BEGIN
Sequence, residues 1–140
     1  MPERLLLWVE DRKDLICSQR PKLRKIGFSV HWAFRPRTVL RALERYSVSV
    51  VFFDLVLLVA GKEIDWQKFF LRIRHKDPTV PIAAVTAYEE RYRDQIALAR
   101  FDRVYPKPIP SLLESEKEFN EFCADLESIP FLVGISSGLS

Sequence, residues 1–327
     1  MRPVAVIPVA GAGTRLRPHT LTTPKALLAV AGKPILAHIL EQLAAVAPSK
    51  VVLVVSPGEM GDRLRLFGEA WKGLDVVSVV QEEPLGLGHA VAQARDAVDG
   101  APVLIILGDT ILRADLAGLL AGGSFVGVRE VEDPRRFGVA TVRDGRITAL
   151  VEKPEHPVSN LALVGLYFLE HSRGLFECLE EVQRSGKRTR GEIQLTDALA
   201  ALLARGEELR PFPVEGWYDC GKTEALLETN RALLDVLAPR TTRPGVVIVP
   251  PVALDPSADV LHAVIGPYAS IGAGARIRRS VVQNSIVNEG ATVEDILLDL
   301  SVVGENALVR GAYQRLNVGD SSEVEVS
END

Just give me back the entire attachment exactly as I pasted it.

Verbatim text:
Sequence, residues 1–140
     1  MPERLLLWVE DRKDLICSQR PKLRKIGFSV HWAFRPRTVL RALERYSVSV
    51  VFFDLVLLVA GKEIDWQKFF LRIRHKDPTV PIAAVTAYEE RYRDQIALAR
   101  FDRVYPKPIP SLLESEKEFN EFCADLESIP FLVGISSGLS

Sequence, residues 1–327
     1  MRPVAVIPVA GAGTRLRPHT LTTPKALLAV AGKPILAHIL EQLAAVAPSK
    51  VVLVVSPGEM GDRLRLFGEA WKGLDVVSVV QEEPLGLGHA VAQARDAVDG
   101  APVLIILGDT ILRADLAGLL AGGSFVGVRE VEDPRRFGVA TVRDGRITAL
   151  VEKPEHPVSN LALVGLYFLE HSRGLFECLE EVQRSGKRTR GEIQLTDALA
   201  ALLARGEELR PFPVEGWYDC GKTEALLETN RALLDVLAPR TTRPGVVIVP
   251  PVALDPSADV LHAVIGPYAS IGAGARIRRS VVQNSIVNEG ATVEDILLDL
   301  SVVGENALVR GAYQRLNVGD SSEVEVS